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Anne art thou bear besall besore blood brother Buck Buckingham Cade Cardinal Cham Clarence Clif Clifford crown curse dead death Dorset doth Duke of York Earl Edward Elean England Enter King Exeunt Exit eyes father fome foul France friends gentle give Glou Gloucester Grace gracious hand hath head hear heart heav'n honour house of Lancaster house of York Jack Cade King Henry King's Lady leave Liege lise live look Lord Chamberlain Lord Hastings Lord Protector Madam Majesty Margaret master murther never noble Norfolk peace pity pray Prince Q^Mar Queen Rich Richard Richmond royal S C E N E SCENE sear sellow shalt sield sight sirst Soldiers Somerset Sovereign speak Stan Suffolk sweet sword tell thee theresore thine thou art thou hast tongue traitor unto Warwick wise
Page 135 - Content!' to that which grieves my heart, And wet my cheeks with artificial tears, And frame my face to all occasions.
Page 304 - tis better to be lowly born, And range with humble livers in content, Than to be perk'd up in a glistering grief, And wear a golden sorrow.
Page 176 - Why I, in this weak piping time of peace, Have no delight to pass away the time, Unless to spy my shadow in the sun, And descant on mine own deformity. And therefore, since I cannot prove a lover To entertain these fair well-spoken days, . I am determined to prove a villain, And hate the idle pleasures of these days.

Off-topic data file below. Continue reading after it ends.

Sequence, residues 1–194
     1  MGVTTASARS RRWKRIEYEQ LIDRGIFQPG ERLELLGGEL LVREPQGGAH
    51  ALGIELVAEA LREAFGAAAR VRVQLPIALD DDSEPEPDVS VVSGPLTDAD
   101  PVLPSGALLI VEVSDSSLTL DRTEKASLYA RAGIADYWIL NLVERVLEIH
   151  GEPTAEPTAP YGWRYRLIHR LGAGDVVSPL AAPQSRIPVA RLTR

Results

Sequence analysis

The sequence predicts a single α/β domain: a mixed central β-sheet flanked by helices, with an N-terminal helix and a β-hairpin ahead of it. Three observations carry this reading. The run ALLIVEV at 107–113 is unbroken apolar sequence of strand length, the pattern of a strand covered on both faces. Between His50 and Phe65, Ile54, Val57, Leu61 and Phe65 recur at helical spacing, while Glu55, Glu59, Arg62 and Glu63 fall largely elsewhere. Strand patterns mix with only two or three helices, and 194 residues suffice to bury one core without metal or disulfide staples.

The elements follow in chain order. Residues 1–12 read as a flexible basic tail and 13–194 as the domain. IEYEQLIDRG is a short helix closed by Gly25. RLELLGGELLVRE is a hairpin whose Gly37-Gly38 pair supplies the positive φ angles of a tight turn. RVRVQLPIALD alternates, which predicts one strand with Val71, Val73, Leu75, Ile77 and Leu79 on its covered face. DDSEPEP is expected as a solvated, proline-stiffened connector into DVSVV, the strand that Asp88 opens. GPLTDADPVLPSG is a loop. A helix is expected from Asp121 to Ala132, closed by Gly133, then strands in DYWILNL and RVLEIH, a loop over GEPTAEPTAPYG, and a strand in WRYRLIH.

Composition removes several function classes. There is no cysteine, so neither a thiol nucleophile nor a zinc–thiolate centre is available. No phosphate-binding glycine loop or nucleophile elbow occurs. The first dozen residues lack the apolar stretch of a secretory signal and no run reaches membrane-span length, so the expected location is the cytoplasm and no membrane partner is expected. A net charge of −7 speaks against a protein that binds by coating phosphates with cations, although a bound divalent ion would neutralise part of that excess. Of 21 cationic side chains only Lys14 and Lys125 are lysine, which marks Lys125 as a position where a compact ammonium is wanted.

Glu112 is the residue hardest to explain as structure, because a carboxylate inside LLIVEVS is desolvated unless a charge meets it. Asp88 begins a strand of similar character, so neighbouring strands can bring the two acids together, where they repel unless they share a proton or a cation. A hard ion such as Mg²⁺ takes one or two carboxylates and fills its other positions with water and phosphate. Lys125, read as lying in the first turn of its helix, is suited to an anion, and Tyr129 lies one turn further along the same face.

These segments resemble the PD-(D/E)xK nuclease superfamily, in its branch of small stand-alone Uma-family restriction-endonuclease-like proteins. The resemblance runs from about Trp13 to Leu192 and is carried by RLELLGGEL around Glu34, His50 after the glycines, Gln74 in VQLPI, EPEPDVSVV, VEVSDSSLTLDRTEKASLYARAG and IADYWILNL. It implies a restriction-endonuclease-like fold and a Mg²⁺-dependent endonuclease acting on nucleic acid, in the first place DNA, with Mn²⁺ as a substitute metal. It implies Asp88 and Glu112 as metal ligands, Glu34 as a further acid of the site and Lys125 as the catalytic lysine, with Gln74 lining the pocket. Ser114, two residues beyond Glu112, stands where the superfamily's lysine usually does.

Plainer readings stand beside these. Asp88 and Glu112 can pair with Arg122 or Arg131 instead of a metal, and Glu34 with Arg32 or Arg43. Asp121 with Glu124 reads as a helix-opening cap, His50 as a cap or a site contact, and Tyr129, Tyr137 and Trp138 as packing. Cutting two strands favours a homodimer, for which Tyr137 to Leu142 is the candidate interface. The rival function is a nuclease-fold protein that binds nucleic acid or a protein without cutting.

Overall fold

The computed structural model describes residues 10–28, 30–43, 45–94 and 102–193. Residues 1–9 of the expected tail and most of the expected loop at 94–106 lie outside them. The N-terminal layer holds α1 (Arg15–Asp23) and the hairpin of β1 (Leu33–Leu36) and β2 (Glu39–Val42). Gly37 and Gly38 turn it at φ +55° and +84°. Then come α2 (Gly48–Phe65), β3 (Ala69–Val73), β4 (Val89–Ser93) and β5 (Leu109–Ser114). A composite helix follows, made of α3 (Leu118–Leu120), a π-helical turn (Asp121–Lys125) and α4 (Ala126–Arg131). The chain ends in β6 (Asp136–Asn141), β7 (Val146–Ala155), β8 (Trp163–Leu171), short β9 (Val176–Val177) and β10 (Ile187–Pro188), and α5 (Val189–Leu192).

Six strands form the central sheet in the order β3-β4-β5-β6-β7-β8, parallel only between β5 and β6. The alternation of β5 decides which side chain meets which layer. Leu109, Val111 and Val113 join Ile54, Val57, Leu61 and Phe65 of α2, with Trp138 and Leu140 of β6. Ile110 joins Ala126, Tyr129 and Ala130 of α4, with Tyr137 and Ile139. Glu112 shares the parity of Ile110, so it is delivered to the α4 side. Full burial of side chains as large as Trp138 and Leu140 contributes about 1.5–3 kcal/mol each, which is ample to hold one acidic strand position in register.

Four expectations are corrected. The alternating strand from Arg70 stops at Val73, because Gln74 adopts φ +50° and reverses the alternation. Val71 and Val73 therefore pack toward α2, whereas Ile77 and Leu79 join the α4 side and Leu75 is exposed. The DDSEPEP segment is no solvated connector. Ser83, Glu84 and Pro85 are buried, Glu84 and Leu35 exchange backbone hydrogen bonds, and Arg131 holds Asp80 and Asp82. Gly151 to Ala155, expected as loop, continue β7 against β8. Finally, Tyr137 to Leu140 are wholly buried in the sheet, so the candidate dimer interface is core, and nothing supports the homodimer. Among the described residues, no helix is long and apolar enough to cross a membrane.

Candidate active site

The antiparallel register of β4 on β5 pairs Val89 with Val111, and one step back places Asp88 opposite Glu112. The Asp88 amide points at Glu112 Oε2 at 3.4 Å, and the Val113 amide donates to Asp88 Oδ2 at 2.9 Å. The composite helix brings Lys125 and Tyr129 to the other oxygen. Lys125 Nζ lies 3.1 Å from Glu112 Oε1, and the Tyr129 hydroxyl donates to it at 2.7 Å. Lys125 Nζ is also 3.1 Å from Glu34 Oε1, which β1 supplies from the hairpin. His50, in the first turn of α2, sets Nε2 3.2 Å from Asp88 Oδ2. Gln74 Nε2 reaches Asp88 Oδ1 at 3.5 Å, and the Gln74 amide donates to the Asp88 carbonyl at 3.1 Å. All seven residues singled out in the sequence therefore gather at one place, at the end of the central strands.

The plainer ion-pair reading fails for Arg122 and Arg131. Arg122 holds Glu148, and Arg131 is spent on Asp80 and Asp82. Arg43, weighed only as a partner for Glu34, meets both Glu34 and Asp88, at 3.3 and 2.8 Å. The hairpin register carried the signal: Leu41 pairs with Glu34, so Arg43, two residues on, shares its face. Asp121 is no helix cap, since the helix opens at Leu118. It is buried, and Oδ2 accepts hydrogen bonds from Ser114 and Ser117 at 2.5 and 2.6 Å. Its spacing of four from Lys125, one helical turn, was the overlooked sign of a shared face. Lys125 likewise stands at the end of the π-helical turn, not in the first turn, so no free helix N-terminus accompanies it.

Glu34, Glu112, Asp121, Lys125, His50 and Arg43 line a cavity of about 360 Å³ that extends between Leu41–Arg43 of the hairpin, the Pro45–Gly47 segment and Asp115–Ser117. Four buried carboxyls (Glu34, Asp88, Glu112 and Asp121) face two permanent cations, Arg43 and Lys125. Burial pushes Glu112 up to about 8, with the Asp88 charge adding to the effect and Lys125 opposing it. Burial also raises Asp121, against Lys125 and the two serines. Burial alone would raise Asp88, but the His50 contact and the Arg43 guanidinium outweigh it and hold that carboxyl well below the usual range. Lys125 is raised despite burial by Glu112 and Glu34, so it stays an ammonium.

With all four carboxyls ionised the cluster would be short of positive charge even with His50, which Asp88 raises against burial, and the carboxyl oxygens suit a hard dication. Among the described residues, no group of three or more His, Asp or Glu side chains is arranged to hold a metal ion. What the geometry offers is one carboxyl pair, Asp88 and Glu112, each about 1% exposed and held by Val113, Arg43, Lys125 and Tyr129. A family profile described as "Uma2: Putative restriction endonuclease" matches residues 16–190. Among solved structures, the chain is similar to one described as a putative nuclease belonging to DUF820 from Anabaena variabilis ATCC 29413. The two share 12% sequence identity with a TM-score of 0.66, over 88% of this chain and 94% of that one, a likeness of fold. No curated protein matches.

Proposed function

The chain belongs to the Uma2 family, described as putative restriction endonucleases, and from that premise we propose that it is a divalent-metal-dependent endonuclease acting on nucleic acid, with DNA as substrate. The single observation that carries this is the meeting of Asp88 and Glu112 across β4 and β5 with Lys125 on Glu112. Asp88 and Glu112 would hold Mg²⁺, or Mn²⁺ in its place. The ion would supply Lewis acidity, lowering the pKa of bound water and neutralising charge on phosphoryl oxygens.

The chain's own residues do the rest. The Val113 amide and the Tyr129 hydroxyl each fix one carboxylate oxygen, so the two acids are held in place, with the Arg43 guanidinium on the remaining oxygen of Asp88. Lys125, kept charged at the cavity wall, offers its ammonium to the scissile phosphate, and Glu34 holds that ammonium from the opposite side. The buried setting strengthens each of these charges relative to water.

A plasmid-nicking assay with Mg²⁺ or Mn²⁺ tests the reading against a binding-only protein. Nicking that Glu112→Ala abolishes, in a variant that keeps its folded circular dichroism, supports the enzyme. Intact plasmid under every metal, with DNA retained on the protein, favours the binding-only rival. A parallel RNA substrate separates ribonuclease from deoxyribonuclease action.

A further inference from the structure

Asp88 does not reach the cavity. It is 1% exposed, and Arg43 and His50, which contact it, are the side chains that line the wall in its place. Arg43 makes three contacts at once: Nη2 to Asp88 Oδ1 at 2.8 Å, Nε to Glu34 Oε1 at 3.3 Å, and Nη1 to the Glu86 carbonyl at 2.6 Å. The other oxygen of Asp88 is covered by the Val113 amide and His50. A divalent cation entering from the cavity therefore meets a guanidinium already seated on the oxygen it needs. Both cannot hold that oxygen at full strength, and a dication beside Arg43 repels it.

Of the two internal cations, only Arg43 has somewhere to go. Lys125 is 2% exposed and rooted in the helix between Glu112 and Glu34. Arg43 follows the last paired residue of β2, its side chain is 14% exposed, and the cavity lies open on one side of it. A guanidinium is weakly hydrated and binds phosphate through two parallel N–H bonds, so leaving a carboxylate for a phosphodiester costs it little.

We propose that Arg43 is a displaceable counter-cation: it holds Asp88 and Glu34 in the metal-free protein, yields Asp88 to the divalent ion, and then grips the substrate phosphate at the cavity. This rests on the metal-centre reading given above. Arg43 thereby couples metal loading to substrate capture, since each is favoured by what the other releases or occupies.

Page 122 - So many hours must I tend my flock; So many hours must I take my rest; So many hours must I contemplate; So many hours must I sport myself; So many days my ewes have been with young; So many weeks ere the poor fools will yean; So many years ere I shall shear the fleece: So minutes, hours, days, weeks, months, and years, Pass'd over to the end they were created, Would bring white hairs unto a quiet grave.
Page 170 - I have no brother, I am like no brother; And this word 'love,' which greybeards call divine, Be resident in men like one another, And not in me! I am myself alone.
Page 122 - O God! methinks it were a happy life, To be no better than a homely swain; To sit upon a hill, as I do now, To carve out dials quaintly, point by point, Thereby to see the minutes how they run...
Page 331 - Why, well; Never so truly happy, my good Cromwell. I know myself now; and I feel within me A peace above all earthly dignities, A still and quiet conscience.
Page 330 - But far beyond my depth : my high-blown pride At length broke under me ; and now has left me, Weary, and old with service, to the mercy Of a rude stream, that must for ever hide me.